The latest project and the largest copy I’ve attempted is Claude Monet’s “The Artist’s Garden at Vetheuil.” This very popular painting seems to hang in every young girls bedroom, according to the buzz of the visitors at the National Gallery of Art. I remember when my daughter went off to college she decorated her bedroom with Monet posters. The attraction of Monet’s art seems to be the varied palette he used to describe light and shadows and its effect on objects. Everyone loves Monet!
Monet planted gardens wherever he lived. He described objects with the colors that surrounded and were reflected from an object but by the time he created this painting in 1880, the painted surface was more important than capturing a spontaneous effect of light and atmosphere.
This painting shows his young son with his toy wagon very spontaneously described as are other members of his family on the steps leading to the house. Monet could create a 60″x 48″ painting in just a few hours in order to capture the days long shadows often leaving the viewer wondering what the object actually is or is that really a person on the steps that lead to the house?
My copy is not yet complete. I am still working on details and color adjustment so I plan to be in Gallery 85 for a few more Tuesdays. Stop by and say hello.
Tuesday, April 8, 2014, was the fifth day of copying Woman with a Parasol – Madame Monet and Her Son. I love the atmosphere in the Impressionist Galleries. Everyone has been searching for spring this year and we just haven’t been able to find it. However, in the Impressionist Galleries, it’s always spring and I love being there! Visitors are happy and the mood is grand. I can feel electricity in the air when folks enter the galleries to view the magnificent works of Monet, Renior, Cezanne, VanGogh, Picasso, etc. Color explodes inside these rooms and I enjoy every minute I’m there. This is my second copy of Woman with a Parasol. It was so much fun copying it the first time that I decided to produce a second copy, and try to make it even more perfect. But mostly I am simply excited at being in that room.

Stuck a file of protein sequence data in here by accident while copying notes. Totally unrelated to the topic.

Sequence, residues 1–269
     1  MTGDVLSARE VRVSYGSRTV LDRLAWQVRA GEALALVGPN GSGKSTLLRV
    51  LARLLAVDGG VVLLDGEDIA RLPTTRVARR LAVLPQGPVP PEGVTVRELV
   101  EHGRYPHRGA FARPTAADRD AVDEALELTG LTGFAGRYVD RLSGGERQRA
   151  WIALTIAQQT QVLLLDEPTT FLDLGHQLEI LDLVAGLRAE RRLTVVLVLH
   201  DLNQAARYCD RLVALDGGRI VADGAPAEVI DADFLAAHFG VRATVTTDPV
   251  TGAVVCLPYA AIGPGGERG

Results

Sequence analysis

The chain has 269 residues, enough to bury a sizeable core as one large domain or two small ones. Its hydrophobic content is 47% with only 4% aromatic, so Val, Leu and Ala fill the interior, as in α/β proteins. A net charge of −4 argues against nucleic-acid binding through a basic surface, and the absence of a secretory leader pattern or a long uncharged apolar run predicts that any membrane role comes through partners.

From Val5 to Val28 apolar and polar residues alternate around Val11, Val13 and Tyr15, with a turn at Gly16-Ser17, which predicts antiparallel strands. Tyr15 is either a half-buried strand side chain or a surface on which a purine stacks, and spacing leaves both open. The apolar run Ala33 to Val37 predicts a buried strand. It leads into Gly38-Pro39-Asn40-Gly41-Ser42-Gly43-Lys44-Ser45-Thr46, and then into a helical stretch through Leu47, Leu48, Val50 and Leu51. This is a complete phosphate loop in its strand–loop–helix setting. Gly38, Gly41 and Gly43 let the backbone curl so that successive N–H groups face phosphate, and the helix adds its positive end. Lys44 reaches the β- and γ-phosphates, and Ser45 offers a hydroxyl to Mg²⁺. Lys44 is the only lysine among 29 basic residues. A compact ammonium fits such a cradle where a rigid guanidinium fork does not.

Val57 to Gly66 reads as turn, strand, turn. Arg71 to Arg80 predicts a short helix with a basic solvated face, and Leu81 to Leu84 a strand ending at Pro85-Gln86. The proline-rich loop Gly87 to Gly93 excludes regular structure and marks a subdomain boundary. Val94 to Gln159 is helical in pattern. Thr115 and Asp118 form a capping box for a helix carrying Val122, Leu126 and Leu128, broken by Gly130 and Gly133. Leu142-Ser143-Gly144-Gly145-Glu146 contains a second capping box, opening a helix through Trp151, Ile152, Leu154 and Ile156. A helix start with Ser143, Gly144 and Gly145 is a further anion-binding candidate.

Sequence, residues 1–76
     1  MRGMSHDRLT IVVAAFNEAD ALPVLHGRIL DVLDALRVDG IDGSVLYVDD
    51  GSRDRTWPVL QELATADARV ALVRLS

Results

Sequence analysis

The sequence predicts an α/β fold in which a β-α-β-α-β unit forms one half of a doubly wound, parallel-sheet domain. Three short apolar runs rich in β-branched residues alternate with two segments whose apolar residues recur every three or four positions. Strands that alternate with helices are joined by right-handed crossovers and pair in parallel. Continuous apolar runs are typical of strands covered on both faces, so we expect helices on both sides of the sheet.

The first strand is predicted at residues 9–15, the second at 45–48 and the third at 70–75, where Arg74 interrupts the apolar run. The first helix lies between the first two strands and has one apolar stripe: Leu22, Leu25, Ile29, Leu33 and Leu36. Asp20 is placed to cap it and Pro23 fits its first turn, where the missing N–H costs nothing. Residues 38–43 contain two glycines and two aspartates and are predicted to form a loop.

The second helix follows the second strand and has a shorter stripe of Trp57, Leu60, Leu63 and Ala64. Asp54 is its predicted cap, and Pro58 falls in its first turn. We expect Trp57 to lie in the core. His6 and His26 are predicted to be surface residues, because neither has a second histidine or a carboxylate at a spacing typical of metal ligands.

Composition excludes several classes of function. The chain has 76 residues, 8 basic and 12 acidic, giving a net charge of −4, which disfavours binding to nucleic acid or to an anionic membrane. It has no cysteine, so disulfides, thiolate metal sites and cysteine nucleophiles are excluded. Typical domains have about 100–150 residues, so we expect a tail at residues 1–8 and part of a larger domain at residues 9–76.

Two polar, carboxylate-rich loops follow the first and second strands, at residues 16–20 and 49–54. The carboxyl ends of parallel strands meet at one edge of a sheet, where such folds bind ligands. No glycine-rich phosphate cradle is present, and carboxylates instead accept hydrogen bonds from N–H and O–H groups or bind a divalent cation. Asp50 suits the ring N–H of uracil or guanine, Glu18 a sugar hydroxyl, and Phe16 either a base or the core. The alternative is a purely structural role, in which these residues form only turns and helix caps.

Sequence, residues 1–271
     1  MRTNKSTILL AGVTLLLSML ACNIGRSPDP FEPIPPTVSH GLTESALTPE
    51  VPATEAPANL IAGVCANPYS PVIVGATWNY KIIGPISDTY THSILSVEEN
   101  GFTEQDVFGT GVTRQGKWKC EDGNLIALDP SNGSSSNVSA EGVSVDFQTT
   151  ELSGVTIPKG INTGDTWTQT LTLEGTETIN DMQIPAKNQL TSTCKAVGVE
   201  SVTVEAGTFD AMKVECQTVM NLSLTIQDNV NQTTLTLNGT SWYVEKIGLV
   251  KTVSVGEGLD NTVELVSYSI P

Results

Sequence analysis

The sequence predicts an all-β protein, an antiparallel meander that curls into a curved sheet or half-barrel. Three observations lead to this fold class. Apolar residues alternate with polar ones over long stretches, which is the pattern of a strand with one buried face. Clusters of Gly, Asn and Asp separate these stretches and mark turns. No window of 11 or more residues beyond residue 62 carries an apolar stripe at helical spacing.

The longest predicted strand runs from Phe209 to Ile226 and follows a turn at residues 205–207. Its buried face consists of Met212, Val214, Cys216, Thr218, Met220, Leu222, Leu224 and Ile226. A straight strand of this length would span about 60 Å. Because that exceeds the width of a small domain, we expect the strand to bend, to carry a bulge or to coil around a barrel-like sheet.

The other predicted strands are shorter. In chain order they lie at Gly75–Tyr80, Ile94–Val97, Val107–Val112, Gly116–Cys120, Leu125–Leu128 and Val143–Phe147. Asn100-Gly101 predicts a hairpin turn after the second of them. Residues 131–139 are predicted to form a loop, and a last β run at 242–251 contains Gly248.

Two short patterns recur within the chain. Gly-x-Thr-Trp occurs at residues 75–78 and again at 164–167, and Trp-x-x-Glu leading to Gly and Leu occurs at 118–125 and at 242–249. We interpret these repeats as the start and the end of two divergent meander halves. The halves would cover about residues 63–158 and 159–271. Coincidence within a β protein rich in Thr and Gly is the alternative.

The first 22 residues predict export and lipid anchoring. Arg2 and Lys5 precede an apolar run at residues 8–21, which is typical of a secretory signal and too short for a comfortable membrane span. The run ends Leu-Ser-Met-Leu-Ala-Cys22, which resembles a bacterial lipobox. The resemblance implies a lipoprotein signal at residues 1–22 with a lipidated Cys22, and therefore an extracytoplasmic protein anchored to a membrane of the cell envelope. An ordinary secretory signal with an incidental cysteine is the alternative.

Monet favored painting landscapes – a subject that was attuned to outdoor painting. Impressionism evolved in the late 1860’s from a desire to create full-scale, multi-figure depictions of ordinary people in casual outdoor situations. It is believed that Claude Monet painted Woman with a Parasol in just 4 hours, very spontaneously as is evident particularly in the clouds and conveyed by a repertory of animated brushstrokes of vibrant color. Bright sunlight shines from behind Madame Monet making her appear in silhouette while color reflections from the wildflowers below touch her front with yellow.
This is the perfect time to visit the National Gallery of Art. The cherry blossoms will be in full bloom within days and spring has decided to finally pay us a visit bringing an abundance of color inside and out. I’m in gallery 85 every Tuesday. Come by and say hello!